History of Hastings Old Town
Until 1800, Hastings was confined to the Bourne Valley between the large unspoilt open areas of the East and West Hills.
Originally this town (Hastings Old Town) had just two main streets, High Street and All Saints' Street, which were divided by the Bourne Stream.
In the late 1300s, a defensive wall was erected across the southern part of the town with three gates at High Street, All Saints' Street and the Bourne.
Remnants of the wall can still be seen today.
As well as protecting the town from enemies, the wall served to resist the sea which once battered against it during southerly gales.
In the 14th century, during the Hundred Years' War, the Old Town was twice attacked by the French and in the second of these raids in 1377 much of the town was destroyed.
George Street, originally known as 'the Suburbs', was the first street to be built outside the town wall as it began its westward spread during the 18th century.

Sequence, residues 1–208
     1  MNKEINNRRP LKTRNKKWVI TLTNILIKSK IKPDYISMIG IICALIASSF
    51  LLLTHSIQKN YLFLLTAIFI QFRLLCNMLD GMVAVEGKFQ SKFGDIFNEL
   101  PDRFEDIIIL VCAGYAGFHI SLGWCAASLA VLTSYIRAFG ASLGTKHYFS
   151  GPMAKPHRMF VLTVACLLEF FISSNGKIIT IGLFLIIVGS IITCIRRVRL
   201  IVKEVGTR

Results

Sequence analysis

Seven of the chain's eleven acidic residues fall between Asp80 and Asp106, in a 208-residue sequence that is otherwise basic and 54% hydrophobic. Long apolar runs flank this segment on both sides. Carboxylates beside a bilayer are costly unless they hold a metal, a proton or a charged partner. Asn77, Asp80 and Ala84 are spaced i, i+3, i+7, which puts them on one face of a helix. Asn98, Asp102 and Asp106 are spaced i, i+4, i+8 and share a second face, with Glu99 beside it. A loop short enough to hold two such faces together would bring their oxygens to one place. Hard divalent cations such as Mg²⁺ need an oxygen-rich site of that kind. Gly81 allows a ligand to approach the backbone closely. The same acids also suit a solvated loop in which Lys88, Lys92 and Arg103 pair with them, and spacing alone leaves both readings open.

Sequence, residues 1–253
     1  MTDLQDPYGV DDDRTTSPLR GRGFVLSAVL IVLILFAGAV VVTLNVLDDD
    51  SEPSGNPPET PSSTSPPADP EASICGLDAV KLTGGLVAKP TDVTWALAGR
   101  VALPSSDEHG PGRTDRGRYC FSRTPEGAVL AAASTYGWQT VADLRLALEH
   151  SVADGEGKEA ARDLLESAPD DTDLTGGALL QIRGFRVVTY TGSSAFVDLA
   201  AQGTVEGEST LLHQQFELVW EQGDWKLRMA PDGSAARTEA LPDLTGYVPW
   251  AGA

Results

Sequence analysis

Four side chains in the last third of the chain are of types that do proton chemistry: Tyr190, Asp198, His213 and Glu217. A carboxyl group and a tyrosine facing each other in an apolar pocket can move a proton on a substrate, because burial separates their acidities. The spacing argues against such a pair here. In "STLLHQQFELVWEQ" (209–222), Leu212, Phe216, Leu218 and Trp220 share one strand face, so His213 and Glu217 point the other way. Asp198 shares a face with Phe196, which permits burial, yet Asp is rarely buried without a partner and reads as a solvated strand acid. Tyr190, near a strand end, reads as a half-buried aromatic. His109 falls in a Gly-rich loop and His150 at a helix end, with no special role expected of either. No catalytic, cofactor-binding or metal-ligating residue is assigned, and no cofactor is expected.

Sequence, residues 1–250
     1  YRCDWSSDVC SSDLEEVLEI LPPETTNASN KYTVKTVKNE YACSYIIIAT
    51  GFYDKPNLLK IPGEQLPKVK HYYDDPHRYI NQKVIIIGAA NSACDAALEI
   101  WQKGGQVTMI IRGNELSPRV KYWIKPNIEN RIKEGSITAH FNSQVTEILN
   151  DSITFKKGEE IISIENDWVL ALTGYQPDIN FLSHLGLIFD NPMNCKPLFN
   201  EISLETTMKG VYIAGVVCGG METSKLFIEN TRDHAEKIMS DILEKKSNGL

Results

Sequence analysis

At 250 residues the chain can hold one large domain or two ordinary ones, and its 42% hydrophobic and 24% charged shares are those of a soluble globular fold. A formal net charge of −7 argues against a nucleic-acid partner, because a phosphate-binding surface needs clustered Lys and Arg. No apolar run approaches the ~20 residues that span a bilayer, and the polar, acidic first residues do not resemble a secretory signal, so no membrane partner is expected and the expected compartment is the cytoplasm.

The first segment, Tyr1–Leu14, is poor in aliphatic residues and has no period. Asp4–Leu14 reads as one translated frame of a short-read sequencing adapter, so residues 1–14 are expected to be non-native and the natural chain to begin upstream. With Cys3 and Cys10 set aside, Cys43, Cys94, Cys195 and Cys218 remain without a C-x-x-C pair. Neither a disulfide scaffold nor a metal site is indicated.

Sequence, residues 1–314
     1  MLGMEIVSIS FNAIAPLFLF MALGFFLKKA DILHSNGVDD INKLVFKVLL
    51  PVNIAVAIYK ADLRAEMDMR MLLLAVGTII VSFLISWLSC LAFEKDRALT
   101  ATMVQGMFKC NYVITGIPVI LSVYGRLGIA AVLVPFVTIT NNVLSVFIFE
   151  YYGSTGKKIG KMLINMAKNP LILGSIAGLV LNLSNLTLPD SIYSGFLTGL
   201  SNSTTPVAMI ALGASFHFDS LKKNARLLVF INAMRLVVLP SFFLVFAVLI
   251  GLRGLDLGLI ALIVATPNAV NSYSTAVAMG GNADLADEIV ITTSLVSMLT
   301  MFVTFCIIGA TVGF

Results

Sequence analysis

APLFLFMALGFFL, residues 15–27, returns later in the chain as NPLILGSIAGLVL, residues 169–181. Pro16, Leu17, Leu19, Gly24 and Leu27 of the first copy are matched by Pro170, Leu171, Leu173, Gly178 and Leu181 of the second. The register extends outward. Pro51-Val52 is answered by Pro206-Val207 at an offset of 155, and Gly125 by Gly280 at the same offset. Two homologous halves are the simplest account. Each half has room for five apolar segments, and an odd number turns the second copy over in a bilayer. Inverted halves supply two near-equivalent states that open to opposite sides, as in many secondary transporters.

Many buildings within Hastings Old Town retain the original Georgian windows on their upper floors.
During the Georgian period, Hastings was a strategically important site as the country faced the threat of a French invasion led by Napoleon Bonaparte.
The town had a garrison of 12,000 soldiers who were commanded by the Duke of Wellington from his headquarters in High Street.
In Victorian times part of the Bourne Stream was covered and named Bourne Walk and in the 1960s the Old Town was split completely in two by the modern road.
It seems hard to believe that until then the main thoroughfare of Hastings Old Town had been the narrow High Street.
There were only two places along the street where large vehicles such as the electric trolley buses, which served the town until 1959, could pass.
With its ancient churches and buildings, unique fishing quarter, narrow streets (or 'twittens') and a profusion of atmospheric pubs, eating places, tea rooms, museums and antique shops, there's something truly untouched and timeless about Hastings Old Town.
Places to See
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